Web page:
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Beehive Brothers spice up farm-to-table condiments

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By Jessianne Wright EBS Contributor

BOZEMAN – In a commercial kitchen rented from Bozeman’s Roots Kitchen & Cannery, Jeff and Bryan Gill perfect their batch. Every weekend they clean, cook and purée fresh peppers harvested that week from local growers. Once the taste is just to their liking, they bottle the sauce into glass bottles that proclaim “Beehive Brothers … Small batch artisan hot sauce made with pride in Bozeman, Montana, using produce grown by small farmers in Montana, Wyoming and Idaho.”

The Beehive brothers bottled their first batch last summer and now their company supplies hot sauce to several Big Sky restaurants, including Yeti Dogs and Headwaters Grille at Big Sky Resort. Jeff and Bryan are also selling individual bottles at Big Sky’s Farmers’ Market every Wednesday night between 5 and 8 p.m.

“The spice comes from a compound called capsaicin, which is found primarily in the seeds and ribs of hot peppers,” Bryan said. “Dragon’s breath has recently become the world’s hottest pepper, overtaking the Carolina reaper … the hottest we use is habanero.”

Bryan said good stresses, particularly an increase in heat and a decrease in water, add to the heat of the peppers they use. “The peppers get hotter, and actually peak in hotness in late summer.”

Because of this tendency, the flavor and spiciness of each hot sauce batch may vary as the peppers develop through the season. “Our focus isn’t on the spiciness, it’s the flavor,” Jeff said.

“The key to getting that great taste is by using fresh, quality produce and by only using natural ingredients,” Jeff added.

Right now, the duo offers hot sauce in five flavors, listed from mild to spicy: jalapeno, cayenne, serrano, green glean and habanero.

“When we started making [sauce] last year, everything we made had hot sauce in it,” Jeff laughed. He enjoys using serrano with Asian dishes and cayenne or jalapeno for Mexican meals. Bryan likes to have any flavor on anything.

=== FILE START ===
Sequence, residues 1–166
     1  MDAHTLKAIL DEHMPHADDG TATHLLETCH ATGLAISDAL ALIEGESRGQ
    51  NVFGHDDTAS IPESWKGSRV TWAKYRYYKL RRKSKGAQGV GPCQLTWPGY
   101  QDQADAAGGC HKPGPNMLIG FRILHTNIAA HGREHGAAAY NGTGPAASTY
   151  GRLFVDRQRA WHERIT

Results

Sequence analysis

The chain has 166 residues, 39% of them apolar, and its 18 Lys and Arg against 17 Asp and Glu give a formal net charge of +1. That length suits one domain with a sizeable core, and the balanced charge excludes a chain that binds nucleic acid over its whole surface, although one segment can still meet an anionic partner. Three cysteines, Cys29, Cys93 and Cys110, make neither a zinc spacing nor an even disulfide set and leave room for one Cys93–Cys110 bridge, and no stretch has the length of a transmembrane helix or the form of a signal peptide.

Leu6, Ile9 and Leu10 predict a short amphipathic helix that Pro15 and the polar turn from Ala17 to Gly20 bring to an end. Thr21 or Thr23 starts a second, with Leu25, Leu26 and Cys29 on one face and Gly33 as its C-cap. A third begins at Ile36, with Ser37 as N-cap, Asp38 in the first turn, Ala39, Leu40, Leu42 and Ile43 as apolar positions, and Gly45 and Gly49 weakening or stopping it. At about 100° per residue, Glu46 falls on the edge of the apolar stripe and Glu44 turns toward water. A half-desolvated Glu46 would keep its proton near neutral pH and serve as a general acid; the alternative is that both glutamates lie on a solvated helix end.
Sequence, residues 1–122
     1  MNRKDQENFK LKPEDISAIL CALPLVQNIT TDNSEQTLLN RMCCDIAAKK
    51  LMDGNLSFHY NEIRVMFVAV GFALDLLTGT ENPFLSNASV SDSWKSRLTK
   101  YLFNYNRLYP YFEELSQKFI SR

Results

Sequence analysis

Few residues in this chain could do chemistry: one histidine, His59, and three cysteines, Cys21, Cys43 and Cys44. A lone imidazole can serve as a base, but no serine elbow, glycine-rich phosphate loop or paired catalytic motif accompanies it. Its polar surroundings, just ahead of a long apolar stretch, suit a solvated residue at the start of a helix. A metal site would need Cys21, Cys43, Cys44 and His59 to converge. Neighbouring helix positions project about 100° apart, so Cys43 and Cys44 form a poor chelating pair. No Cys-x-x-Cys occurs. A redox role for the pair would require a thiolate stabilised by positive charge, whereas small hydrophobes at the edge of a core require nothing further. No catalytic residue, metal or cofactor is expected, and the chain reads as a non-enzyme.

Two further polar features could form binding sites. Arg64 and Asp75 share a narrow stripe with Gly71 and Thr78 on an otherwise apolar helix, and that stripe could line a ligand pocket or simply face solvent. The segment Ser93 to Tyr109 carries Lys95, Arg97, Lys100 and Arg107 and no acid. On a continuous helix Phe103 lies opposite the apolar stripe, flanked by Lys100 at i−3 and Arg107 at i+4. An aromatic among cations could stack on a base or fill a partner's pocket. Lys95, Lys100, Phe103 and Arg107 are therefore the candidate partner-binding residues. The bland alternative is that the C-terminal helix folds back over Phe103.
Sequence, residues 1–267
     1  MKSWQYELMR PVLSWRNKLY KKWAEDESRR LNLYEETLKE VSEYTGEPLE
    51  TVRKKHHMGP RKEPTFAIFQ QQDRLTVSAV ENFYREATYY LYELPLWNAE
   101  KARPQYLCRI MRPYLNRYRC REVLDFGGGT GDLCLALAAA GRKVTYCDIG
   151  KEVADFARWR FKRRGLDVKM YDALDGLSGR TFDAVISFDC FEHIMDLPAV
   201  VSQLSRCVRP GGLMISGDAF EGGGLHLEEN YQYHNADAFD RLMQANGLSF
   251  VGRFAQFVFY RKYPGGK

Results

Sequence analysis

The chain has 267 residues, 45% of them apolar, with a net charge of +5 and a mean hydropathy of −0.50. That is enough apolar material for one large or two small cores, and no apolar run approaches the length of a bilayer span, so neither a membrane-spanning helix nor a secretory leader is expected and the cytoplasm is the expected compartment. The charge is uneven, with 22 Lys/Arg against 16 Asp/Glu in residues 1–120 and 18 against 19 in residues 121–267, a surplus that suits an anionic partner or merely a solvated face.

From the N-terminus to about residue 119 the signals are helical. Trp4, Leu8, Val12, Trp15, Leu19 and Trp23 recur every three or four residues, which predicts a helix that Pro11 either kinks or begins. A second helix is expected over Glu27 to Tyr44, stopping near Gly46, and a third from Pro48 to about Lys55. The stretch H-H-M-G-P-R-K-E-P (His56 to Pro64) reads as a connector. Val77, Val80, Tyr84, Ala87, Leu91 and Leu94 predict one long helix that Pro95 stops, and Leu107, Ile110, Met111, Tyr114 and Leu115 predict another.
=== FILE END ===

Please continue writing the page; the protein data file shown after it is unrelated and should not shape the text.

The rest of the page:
“I put it on literally everything. Especially on breakfast,” Bryan said.

Often, the brothers will cook tacos for dinner in order to taste test a new flavor or batch. “Tacos are hands down the best way to taste test,” Bryan said.

Passionate about supporting local farmers and growers, the Gills source all of their peppers from small famers in Montana, Wyoming and Idaho.

Particularly unique among the flavors, green glean is “a celebration of fall,” according to Bryan. Beehive Brothers takes peppers harvested in the fall just before frost and cooks them together into the green glean flavor. It’s a way of reducing wasted produce on the farm, they explained.

The brothers say they are dedicated to eating and sharing locally sourced food, and they avoid stabilizers and additives. Because of this, the contents may separate, but all it takes is a good shake.

“That’s just part of it,” Bryan said.

“Because we source everything regionally, the peppers are really only available June through October,” Jeff said. “We have to try to make enough hot sauce to last through the next June.”

“It’s a tough balance between not selling out and selling it all,” Bryan added.

Both Bryan and Jeff work at Big Sky Resort, Bryan as a snow reporter and Jeff as an accountant, and for now, they are keeping Beehive Brothers relatively small. In the future, the Gill brothers hope to expand into new markets and new flavors, possibly including a smoked line.

“We’re starting to build a local following,” Bryan said. “It’s really exciting.”

“We like connecting with our community,” he added. “To me, community always centers around food.”

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